Maria Menounos reveals she beat pancreatic cancer: ‘God granted me a miracle’
LOS ANGELES - Actress and television host Maria Menounos has revealed that she survived a fight with pancreatic cancer.
In an interview with People, the former E! News host shared that she was diagnosed with stage 2 pancreatic cancer in January.
Menounos, 44, underwent successful surgery to remove a 3.9-cm tumor and told the magazine that she is on a mission to encourage others to seek answers to their health problems.
"I need people to know there are places they can go to catch things early," she explained to People. "I had that moment where I thought I was a goner – but I'm okay because I caught this early enough."
On Wednesday, Menonunos shared the news on Instagram, writing," Obviously, there's so much to say about this and what I’ve gone through these last few months, and even year. First, dealing with the diabetes diagnosis last summer, second (my other miracle) preparing for my soon-to-be newborn baby and third, pancreas cancer."
Maria Menounos and longtime boyfriend Keven Undergaro get engaged on "The Howard Stern Show" on March 9, 2016 in New York City. (Photo by Slaven Vlasic/Getty Images)
In February, Menounos and her husband Keven Undergaro announced on "Kelly & Ryan" that they were expecting their first baby after a decade-long journey. The baby, a girl, will be born via surrogate this summer.
"I still haven't come to grips with it all, including the fact that so very few even survive pancreatic cancer," Menounos continued on Instagram. "I have SO much information and SO many breakthroughs that I think/hope can save others."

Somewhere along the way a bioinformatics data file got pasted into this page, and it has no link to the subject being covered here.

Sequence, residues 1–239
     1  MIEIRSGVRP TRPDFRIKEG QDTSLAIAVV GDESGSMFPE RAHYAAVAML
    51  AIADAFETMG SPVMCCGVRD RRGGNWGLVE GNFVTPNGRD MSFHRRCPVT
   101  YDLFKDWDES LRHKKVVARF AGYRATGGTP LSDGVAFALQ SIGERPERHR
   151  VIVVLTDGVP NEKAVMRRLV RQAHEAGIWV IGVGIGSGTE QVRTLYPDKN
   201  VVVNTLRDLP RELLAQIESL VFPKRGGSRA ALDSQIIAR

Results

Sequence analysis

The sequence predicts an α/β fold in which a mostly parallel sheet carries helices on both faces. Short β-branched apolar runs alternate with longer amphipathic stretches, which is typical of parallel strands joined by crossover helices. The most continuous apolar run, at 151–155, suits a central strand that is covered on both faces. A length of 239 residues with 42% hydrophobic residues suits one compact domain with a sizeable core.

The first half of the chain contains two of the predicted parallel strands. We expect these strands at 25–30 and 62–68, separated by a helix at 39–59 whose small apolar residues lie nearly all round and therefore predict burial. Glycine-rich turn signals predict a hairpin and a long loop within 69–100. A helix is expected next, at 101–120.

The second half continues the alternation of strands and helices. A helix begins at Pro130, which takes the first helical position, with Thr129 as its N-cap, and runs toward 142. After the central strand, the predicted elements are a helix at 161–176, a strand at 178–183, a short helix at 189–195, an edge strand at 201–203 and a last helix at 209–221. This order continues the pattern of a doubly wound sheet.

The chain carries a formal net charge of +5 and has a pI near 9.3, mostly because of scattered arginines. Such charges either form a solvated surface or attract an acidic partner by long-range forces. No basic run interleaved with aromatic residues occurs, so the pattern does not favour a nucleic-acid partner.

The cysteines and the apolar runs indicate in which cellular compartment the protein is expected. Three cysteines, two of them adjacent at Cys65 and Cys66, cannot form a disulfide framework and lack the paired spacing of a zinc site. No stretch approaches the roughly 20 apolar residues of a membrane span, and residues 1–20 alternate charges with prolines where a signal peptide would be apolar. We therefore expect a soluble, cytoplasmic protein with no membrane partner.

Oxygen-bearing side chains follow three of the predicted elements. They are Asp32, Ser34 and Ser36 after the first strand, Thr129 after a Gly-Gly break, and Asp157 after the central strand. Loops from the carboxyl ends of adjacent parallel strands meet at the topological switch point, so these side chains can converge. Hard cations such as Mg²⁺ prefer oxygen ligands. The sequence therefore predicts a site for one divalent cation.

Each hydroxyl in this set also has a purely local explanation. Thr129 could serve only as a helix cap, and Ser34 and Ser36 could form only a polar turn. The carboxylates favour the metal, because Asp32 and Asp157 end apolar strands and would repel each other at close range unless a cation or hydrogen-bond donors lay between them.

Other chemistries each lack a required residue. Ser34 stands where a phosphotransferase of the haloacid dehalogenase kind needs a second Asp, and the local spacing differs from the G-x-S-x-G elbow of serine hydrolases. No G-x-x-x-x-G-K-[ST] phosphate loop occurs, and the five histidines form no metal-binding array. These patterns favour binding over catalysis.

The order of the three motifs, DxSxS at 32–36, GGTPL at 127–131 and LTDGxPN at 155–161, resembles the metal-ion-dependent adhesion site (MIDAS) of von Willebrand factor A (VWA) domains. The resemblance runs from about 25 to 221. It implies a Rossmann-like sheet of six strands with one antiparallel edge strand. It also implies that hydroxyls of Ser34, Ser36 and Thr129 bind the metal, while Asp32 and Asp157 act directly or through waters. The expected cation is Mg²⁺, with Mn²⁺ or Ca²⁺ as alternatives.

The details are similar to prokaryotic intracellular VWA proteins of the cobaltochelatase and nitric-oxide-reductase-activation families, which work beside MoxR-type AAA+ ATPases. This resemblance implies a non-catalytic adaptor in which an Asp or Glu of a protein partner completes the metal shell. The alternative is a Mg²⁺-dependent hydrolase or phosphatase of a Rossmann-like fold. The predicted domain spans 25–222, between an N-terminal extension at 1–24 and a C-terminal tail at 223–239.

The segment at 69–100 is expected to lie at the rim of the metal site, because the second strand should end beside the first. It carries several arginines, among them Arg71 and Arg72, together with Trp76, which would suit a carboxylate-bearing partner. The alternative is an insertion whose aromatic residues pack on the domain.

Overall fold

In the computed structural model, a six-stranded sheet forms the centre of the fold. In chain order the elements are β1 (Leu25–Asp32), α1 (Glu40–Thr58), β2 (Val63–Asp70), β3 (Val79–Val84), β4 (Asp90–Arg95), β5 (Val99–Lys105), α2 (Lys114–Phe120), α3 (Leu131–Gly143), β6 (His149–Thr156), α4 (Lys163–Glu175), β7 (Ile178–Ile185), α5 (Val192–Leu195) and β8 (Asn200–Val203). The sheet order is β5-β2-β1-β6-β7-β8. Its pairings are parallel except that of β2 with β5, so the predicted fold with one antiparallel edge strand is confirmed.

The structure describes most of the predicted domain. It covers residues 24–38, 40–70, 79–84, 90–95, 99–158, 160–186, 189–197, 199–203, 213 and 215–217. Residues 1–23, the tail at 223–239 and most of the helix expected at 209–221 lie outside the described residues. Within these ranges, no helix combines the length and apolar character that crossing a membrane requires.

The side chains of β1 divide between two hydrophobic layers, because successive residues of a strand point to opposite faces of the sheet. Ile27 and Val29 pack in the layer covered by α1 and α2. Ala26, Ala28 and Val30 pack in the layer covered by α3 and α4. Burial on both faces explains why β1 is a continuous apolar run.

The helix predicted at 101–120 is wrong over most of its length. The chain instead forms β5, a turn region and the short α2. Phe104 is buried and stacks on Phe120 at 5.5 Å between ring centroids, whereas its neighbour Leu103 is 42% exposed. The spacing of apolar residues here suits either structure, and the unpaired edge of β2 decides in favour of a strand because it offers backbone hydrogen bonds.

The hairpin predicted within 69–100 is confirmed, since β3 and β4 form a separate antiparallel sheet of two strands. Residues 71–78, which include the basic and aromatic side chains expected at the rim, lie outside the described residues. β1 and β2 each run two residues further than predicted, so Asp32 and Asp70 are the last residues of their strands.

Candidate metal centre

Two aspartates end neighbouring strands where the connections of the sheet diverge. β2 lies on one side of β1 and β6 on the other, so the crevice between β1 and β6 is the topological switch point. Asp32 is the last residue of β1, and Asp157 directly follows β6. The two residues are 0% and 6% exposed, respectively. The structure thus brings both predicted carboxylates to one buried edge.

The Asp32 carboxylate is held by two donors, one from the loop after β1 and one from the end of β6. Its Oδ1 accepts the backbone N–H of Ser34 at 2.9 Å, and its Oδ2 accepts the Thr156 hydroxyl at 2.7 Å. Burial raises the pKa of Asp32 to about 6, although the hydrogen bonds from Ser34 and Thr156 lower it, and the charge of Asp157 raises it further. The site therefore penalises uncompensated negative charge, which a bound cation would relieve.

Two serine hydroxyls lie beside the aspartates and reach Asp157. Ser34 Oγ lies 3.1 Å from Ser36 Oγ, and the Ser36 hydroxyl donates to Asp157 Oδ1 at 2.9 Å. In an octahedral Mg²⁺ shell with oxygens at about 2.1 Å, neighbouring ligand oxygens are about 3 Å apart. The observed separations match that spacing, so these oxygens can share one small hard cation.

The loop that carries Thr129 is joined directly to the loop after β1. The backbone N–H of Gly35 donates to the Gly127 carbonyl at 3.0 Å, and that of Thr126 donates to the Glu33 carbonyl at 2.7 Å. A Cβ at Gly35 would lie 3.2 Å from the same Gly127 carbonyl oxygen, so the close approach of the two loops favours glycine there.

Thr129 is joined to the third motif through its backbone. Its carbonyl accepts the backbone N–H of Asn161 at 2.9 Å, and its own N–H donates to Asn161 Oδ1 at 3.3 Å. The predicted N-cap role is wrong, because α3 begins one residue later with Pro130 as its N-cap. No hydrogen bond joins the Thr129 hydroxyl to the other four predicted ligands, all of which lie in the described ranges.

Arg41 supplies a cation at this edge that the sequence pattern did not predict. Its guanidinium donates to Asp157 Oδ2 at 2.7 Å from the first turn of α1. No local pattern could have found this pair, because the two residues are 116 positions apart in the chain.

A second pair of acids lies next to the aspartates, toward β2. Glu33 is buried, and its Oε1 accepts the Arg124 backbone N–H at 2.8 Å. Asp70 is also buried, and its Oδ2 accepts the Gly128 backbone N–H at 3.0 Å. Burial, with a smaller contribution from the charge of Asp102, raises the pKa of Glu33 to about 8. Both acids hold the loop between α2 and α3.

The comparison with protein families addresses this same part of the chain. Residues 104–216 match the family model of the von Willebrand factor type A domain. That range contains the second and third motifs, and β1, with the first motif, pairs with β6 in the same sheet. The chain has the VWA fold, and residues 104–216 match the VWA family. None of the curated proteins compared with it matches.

She said she plans to share everything on her podcast "Heal Squad" and on as many platforms as she can.
"For now I'll say how grateful I am to be able, alive and well and that I WILL get to hold my baby!," she added.
But Menounos is no stranger to health battles, having been diagnosed and treated for a benign brain tumor back in 2017.
Then last year, a trip to the hospital revealed she had type 1 diabetes, which runs in her family. She still takes insulin daily and wears a glucose monitor, according to People.
But a month later she was back in the hospital, and this time "with excruciating abdominal pain." When a CT scan and extensive testing showed nothing, she agreed to do a full body scan through Prenuno.
On Friday, Menounos thanked the healthcare company for detecting the mass on her pancreas early enough to save her life.
"Know I’m working to get these scans covered by insurance for everyone!!," she added.
"I'm so grateful and so lucky," Menounos said, adding that she is currently putting the finishing touches on her baby's nursery and is excited to have a small meet-and-greet once she arrives. "God granted me a miracle. "I'm going to appreciate having her in my life so much more than I would have before this journey."
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According to Mayo Clinic, pancreatic cancer is cancer that forms in the cells of the pancreas. Pancreatic cancer begins in the tissues of the pancreas — an organ in the abdomen that lies behind the lower part of the stomach. The pancreas releases enzymes that aid digestion and produces hormones that help manage a person's blood sugar.
The new issue of People is on newsstands nationwide Friday.